On the Republican side, Sen. Susan Collins of Maine, a moderate, voted against Pruitt, citing concerns about the fights he has led to block environmental rules she supports.
Pruitt will be inheriting an agency of 15,000 employees, many of whom will probably be openly hostile to his agenda. More than 770 former EPA employees signed a letter imploring lawmakers to reject his nomination, and many current employees joined the ranks of activists demonstrating against him at rallies and deluging congressional offices with phone calls.
He distinguished himself in Oklahoma by battling many of the signature environmental protections implemented by Obama, arguing they were a federal intrusion on the states. He does not accept the mainstream scientific consensus on climate change, and has been described by the Natural Resources Defense Council, the Sierra Club and the Environmental Working Group as the worst nominee selected to run the EPA in history.
“For us to … approve this nominee, who is hostile, who has sued the agency, who has never done a thing in his life to protect the environment, is just outrageous,” said Sen. Angus King (I-Maine). “It’s a dereliction of our responsibility, and we are going to look back on this moment and say, ‘What were we thinking?’”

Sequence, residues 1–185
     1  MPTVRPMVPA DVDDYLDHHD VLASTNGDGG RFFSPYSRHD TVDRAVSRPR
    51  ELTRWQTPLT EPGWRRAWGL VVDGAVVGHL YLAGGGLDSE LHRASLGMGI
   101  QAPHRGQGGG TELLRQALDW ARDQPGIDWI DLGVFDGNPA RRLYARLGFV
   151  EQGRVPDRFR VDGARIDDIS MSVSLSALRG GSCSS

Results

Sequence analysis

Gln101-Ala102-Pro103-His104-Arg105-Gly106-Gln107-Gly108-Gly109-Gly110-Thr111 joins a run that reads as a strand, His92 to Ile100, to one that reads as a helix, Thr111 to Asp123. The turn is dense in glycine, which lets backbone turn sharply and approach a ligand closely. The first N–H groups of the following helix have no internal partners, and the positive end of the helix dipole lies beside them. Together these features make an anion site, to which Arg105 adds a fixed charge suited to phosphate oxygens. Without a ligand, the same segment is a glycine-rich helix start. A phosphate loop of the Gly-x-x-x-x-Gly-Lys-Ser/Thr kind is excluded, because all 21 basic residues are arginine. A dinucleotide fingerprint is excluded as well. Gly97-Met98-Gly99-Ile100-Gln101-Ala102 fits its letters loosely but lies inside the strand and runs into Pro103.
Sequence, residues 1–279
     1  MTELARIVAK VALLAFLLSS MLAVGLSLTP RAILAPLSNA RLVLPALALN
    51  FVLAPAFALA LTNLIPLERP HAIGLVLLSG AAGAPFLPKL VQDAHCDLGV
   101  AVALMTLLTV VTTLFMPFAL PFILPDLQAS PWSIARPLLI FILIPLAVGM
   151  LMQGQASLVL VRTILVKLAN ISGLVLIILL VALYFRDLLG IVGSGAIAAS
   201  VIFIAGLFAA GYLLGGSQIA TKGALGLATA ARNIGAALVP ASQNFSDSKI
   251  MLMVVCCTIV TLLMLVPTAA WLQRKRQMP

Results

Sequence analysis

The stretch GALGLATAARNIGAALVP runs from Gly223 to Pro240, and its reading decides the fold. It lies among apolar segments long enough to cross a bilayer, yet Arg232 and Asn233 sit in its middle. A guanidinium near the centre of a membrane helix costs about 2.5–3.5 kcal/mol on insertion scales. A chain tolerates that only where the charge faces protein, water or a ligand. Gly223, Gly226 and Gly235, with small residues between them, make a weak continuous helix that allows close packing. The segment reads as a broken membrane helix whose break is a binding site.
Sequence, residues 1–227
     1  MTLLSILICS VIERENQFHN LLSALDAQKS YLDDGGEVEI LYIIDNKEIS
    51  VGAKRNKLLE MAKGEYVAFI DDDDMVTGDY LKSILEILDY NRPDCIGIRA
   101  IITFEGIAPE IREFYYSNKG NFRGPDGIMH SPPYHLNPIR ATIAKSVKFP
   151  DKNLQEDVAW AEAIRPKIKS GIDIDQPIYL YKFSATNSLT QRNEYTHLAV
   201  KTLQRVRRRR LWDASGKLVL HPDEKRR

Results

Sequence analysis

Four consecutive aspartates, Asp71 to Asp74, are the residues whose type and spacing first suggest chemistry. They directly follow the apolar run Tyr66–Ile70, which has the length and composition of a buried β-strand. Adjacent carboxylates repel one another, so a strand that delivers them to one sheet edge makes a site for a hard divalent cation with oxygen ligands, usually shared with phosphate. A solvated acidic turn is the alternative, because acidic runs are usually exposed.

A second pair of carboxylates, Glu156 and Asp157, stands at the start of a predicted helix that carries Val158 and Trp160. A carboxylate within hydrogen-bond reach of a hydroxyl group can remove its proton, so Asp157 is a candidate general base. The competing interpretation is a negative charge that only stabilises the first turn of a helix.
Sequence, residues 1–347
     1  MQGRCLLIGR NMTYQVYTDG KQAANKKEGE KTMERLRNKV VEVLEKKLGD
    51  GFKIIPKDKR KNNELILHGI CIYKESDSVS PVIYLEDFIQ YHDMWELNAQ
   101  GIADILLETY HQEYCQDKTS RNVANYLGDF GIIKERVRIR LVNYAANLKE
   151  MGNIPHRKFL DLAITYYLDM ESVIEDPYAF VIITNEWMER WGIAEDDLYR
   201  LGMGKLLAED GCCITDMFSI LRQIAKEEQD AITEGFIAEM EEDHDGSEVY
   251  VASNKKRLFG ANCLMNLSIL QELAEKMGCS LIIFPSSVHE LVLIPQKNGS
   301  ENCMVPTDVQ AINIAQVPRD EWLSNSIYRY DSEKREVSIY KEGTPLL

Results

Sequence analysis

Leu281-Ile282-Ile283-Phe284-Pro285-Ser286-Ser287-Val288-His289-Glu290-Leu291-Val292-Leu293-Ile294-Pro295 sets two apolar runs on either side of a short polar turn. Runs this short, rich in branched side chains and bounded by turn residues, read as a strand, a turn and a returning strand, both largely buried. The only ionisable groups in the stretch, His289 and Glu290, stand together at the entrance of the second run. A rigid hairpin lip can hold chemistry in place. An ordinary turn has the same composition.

Schumer vowed that the confirmation was only the beginning of the fight with Pruitt, and states are already girding to take him on. California lawmakers are particularly alarmed by Pruitt’s refusal to commit to renewing a waiver the state has been granted for decades, allowing it to impose vehicle emissions standards tougher than the federal government’s. That waiver has evolved into a linchpin of the state’s pioneering effort to fight climate change. A dozen other states have embraced California’s tougher emissions rules, which now apply to about 40% of the new vehicles sold in the U.S.
California Democratic Sen. Kamala Harris said on the Senate floor that Pruitt’s hedging on the waiver was “unacceptable.”
“It is a blatant double standard for someone who claims to be committed to breaking down regulations at the federal level and giving power back to the states,” she said.
1:35 p.m.: This article was updated throughout with additional details and background.
10:15 a.m.: This article was updated with Pruitt’s confirmation.
This article was originally published at 3:15 a.m.